A squeeze, then bottom presure imbalance in which pressure outside an air space exceeds pressure inside an air space, result-ing in pain or discomfort. Besides the ears, sinuses and mask, it’s possible to experience a squeeze in the lungs, teeth or any other air space. Fortunately, you can easilyavoid squeezes.

To avoid discomfort, you keep the volume in an air space normal by adding air to it during descent, keeping the air space pressure equal to the water pressure outside. This is called equalization. Your ear and the sinus air spaces connect to the throat, allowing you to use air from your lungs to equalize them. You equalize the air space in your mask through your nose.Although very rare, it’s possible for n air space to develop in filled teeth where the tooth or filling has continued toerode. 

During descent, the increasing pressure pushing in on this small air space causes a tooth squeeze. In most cases, the discomfort will cause you to stop descending. You can’t equalize an air space under a tooth filling, but your dentist can eliminate the space, and reg-ular dental checkups help avoid the problem altogether.

 

Pressure and your body 5

Although an air space, your lungs are large and flexible and not very prone to a squeeze. As a scuba diver, you automatically equalize your lungs as you breathe continuously from your scuba equipment. When you skin Bali scuba dive, holding your breath, the pressure compressing your lungs has no effect, provided you started with a good breath. They drop in volume during descent and re-expand during ascent to nearly their original volume when you reach the surface, havingused an inconsequential amount to equalize other air spaces.
 

If you were to breath hold Bali scuba dive starting with empty lungs (you exhale, then dive) several metres/feet, or descend really deep (like 60 metres/200 feet) holding your breath. there’s a theoretical possibility that you could squeeze your lungs – but these are rather unlikely sit nations for most scuba divers.Another air space you might need to equalize is a dry suit, which holds a layer of air around your body for maximum warmth. If you’re going to use a dry suit as part ol’this course. Your instructor will show you how to equalize it. If you’re not familiar with them, Section Two describes dry suits in more detail.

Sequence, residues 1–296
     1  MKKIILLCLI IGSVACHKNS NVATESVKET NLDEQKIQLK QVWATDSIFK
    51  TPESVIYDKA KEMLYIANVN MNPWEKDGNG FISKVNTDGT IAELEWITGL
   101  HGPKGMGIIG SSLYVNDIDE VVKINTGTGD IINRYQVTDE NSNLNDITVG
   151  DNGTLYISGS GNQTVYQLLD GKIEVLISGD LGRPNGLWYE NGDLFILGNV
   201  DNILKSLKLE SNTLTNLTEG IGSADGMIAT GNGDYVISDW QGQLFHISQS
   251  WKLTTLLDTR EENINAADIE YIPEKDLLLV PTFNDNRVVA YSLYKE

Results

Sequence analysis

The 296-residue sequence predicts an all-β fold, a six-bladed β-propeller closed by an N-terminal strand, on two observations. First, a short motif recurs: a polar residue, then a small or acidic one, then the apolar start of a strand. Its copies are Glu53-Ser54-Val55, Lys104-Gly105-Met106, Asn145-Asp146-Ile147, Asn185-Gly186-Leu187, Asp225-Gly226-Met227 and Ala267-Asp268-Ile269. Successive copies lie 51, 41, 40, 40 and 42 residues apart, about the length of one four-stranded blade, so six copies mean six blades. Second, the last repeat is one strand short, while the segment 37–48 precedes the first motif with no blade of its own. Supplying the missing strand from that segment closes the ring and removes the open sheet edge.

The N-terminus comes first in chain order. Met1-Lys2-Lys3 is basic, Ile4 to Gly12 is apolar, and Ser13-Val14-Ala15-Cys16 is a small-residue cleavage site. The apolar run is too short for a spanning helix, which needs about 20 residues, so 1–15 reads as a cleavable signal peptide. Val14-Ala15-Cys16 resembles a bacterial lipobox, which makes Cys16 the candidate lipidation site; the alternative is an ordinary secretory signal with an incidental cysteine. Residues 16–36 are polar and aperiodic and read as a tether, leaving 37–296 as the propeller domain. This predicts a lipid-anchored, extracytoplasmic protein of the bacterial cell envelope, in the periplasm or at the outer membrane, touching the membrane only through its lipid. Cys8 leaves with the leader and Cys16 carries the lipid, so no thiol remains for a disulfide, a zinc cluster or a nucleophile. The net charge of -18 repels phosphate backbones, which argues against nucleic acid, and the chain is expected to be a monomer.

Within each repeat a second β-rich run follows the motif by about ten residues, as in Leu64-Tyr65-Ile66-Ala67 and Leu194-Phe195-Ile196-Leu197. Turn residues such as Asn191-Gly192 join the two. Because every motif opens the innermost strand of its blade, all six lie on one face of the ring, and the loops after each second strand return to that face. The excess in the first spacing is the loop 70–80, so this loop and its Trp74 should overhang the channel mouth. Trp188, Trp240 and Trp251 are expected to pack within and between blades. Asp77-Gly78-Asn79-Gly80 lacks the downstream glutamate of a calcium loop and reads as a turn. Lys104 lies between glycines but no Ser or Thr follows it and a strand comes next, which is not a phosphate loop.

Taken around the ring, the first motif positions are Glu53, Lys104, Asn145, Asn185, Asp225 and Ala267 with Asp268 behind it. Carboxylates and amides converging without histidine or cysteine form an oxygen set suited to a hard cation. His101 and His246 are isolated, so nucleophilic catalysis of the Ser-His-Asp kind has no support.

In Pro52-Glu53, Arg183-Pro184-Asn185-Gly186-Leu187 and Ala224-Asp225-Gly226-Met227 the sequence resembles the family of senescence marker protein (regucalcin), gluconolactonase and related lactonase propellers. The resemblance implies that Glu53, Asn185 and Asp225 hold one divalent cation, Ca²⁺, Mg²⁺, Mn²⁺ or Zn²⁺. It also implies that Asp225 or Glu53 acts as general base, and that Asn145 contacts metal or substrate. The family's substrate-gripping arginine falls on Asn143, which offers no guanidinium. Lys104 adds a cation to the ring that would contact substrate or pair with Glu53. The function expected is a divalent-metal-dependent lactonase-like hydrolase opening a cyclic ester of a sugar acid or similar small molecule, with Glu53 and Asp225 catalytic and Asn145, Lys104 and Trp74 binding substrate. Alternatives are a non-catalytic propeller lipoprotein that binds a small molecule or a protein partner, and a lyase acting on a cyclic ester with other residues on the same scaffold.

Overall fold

The air spaces in your ears are the most aensitive to increasing pressure, but assuming you’re in good health (no head cold or allergy congestion! you can easily equalize them. To do this, pinch your nose shut and gently blow against it with your mouth closed; this directs air from your throat into your ears and sinus air spaces. Another technique is swallowing and wigglin the Jaw from side to side. A third technique combines these allow and wiggle your.Jaw while hlowing gently against your pinched nose.

 

Pressure and your body 6

Equalize every metre/few feet while descending, before you feel discomfort. If you wait until you feel discomfort, you may not be able to equalize because water pressure may be great enough to hold the air passages shut. Instead, if you feel discomfort in an air space, ascend until the discomfort eases, equalize and continue a slow descent equalizing more frequently. You’ll find it easier to equalize with experience.

If you can’t equalize, discontinue the Bali scuba dive. Continuing to descend with an unequalized air space may result in a ruptured ear drum or similar injuries. Never attempt a forceful or extended equalization – that can also cause serious ear injuries, including a ruptured ear drum, which can cause vertigo. Should this occur, abort the Bali scuba dive. If ascending a metre/few feet and trying again doesn’t permit you to equalize, don’t force it. Be patient and gentle, or end the Bali scuba dive and try another day.

You can also create an unequalizable space in your ear canal, either by wearing a too-tight wet suit hood that inadvertently seals against your ears, or by wearing ear plugs. In either case, you end up with an air space between your ear drum and the plug/hood that you can’t equalize. To prevent this, pull your hood away from your ears momentarily to allow the pressure to equalize, and nez er wear ear plugs while Bali scuba diving. The only exceptions are special ear protectors made specifically for Bali scuba diving that allow for pressureequalization.

Congestion (due to colds or allergies) can plug air pas-sages, making equalization difficult or impossible. Medications, such as sprays and decongestants, may clear the openings, but you shouldn’t do this and Bali scuba dive because the medication may have undesirable side effects (such as drowsiness) and may wear off while you’re Bali scuba diving, creating equalization problems when you try to ascend

 

Pressure and your body 7

You can also create an unequalizable space in your ear canal, either by wearing a too-tight wet suit hood that inadvertently seals against your ears, or by wearing ear plugs. In either case, you end up with an air space between your ear drum and the plug/hood that you can’t equalize.